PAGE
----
Summer is almost upon us. With the weather warming up, you’re probably finding yourself spending more and more time outside exposing your skin, our body’s largest organ, to the sun’s potentially harmful rays. There are many things you can do to enjoy the sun yet keep your skin healthy, protected, and looking young.
Here are some easy do’s and don’ts for you to remember as you head into the warm weather:
1. DO apply broad-spectrum sunblock that protects against both UVA and UVB ultraviolet rays.
Use one with an SPF of at least 30, which blocks 97 percent of the sun’s rays, and reapply it every two hours. Keep in mind that the sun is at its strongest between 10 a.m. and 3 p.m., and your car windows don’t filter out UVA rays.
2. DO use lip balm with an SPF rating.
Lip balms with a base of coconut oil or shea butter are some great natural options for locking in moisture. Avoid medicated lip balms, which may irritate your sensitive lip mucosa.
3. DO wear sunglasses to protect your eyesight, and avoid squinting, which causes wrinkles.
Opt for polarized lenses, which are darker and reduce glare.
4. DO keep skin hydrated by drinking plenty of water.
Infusing your water with fruit like orange slices, blueberries, and lemons gives you a boost of antioxidants. These help protect your skin from sun damage and free radicals. Caffeinated drinks will dehydrate you, so avoid those when you’re enjoying the heat of summer.
5. DO dust cornstarch over areas that are prone to chafing, such as the inner thighs, tummy, and underarms.
Sweating can combine with skin folds to create painful red, irritated areas. Keep these areas dry and comfortable by sprinkling cornstarch on them.
6. DON’T forget to cleanse, especially in the evening following your summer activities.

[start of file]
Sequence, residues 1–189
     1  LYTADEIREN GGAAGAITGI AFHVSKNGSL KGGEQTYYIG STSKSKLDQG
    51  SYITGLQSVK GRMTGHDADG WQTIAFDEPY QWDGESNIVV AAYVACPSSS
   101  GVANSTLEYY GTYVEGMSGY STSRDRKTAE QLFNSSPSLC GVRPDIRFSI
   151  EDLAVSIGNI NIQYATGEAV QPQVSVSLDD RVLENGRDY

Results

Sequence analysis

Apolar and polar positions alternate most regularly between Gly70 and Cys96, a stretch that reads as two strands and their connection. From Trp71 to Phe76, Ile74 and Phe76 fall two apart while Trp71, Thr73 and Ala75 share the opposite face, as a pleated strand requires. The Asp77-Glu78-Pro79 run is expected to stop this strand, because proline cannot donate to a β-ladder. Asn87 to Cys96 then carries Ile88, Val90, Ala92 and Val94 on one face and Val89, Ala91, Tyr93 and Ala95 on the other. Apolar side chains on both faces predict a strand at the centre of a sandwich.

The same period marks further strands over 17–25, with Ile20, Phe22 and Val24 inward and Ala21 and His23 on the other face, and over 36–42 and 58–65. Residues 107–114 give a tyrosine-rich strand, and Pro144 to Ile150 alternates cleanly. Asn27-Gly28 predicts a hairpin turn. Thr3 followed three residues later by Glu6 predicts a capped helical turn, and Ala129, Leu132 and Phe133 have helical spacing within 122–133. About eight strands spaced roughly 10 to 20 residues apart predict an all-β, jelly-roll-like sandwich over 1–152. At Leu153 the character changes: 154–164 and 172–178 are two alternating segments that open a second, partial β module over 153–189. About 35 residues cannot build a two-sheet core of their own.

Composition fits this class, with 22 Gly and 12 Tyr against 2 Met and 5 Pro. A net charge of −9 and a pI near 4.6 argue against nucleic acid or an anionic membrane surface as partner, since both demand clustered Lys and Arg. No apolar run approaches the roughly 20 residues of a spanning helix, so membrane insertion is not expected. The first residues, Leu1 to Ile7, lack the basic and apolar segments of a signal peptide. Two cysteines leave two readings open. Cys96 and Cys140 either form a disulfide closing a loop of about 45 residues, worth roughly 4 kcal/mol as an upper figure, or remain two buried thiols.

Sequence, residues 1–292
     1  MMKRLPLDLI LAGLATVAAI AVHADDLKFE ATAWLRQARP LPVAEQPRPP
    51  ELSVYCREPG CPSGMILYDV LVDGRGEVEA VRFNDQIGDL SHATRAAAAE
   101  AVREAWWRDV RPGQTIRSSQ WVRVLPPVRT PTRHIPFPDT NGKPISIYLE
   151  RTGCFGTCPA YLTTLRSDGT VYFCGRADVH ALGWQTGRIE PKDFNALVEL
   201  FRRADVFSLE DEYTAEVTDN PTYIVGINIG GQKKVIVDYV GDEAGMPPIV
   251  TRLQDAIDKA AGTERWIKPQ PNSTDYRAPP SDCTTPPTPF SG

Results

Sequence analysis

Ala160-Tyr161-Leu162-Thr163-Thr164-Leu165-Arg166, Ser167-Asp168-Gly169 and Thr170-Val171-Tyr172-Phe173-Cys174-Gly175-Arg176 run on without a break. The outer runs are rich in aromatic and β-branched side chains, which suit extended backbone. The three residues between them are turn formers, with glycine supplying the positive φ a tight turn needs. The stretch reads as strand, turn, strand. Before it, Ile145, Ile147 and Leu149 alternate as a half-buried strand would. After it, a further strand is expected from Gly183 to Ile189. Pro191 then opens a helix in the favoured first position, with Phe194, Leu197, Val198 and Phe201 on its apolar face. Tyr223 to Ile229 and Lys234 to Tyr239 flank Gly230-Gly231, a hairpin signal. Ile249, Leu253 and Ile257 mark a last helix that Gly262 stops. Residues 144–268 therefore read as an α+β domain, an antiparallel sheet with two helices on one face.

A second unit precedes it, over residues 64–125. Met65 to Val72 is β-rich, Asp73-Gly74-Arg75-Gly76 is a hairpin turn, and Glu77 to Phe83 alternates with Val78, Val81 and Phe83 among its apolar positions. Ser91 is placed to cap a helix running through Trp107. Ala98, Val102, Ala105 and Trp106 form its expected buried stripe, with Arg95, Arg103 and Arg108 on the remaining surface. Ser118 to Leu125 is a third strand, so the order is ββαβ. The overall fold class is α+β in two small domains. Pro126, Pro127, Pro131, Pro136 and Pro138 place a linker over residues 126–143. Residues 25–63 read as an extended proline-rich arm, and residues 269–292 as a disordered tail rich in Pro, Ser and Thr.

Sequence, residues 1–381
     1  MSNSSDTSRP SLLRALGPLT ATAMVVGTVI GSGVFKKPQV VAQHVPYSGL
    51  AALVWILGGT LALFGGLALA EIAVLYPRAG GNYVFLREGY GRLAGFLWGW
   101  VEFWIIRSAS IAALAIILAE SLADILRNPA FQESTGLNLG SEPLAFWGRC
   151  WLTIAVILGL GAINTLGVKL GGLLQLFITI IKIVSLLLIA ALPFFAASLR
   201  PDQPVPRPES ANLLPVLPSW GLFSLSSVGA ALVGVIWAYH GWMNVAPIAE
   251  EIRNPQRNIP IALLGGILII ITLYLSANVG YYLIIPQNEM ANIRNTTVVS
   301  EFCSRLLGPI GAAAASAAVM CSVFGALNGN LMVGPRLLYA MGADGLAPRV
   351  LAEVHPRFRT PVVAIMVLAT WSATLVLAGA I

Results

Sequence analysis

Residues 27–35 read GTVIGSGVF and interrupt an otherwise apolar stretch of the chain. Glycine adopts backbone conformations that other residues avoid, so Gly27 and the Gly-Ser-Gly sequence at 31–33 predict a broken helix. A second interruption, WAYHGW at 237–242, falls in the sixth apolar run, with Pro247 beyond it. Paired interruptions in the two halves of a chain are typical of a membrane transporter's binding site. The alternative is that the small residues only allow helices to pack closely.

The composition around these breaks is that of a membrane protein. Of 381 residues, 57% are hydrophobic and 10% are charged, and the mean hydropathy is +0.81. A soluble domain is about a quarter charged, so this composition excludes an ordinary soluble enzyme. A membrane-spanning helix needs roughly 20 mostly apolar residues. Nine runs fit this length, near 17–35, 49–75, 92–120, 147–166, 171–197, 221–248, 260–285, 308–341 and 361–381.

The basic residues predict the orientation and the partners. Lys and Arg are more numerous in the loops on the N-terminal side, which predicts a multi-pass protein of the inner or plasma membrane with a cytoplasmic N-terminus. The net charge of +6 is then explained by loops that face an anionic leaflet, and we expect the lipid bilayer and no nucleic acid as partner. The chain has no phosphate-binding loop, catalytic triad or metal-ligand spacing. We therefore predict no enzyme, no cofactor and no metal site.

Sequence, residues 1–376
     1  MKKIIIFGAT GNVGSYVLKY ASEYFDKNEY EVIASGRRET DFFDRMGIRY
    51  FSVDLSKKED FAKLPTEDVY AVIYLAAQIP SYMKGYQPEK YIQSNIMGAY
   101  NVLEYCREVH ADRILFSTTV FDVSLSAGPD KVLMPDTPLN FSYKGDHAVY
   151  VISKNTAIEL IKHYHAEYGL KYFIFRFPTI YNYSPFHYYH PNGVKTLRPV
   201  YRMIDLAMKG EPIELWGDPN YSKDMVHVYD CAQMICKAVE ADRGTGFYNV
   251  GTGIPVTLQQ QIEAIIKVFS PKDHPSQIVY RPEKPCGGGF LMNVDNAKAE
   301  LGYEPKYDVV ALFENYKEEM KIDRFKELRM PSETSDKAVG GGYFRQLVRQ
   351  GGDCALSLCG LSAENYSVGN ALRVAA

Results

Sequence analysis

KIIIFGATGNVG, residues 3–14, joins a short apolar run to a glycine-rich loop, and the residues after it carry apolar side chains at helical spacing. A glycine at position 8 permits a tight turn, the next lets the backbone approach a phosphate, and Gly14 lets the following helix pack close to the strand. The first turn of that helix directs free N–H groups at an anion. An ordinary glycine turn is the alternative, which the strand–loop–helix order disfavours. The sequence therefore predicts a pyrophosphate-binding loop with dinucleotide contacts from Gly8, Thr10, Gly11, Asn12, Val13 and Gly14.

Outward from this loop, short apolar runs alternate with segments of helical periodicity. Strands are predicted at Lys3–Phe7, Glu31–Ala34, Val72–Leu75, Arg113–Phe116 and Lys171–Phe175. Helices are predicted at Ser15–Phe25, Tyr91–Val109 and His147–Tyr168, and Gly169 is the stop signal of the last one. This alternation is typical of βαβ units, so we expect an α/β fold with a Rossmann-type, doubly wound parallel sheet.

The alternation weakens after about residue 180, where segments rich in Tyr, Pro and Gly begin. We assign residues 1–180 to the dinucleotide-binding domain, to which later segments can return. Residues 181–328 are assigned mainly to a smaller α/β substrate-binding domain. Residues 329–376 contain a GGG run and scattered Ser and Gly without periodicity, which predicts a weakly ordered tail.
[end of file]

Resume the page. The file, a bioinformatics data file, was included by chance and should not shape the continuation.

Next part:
The grime, sweat, leftover sunscreen, and makeup can block pores, leading to breakouts.
7. DON'T apply retinoids (like tretinoin and retinol) before going into the sun.
Retinoids can make your skin sensitive and more prone to burns and irritation. Discontinue all retinoids one week prior to going on a beach vacation. Also avoid undergoing chemical peels or aggressive exfoliation if you plan on being in the sun.
8. DON'T spray chemical sunscreen onto your children.
These sprays create a cloud of sunscreen (which may contain hormone-disrupting agents) that your children might breathe into their developing lungs. If you use a spray, spray it into your hand and rub it onto your child’s skin. Better yet, use a physical sunblock from a tube, and slather it generously over your children’s skin to protect them from getting burned.
9. DON'T scratch bug bites!
This can lead to infection if you break the skin, and bacteria from under your fingernails can get into the wound. In addition, the healing skin could scar.
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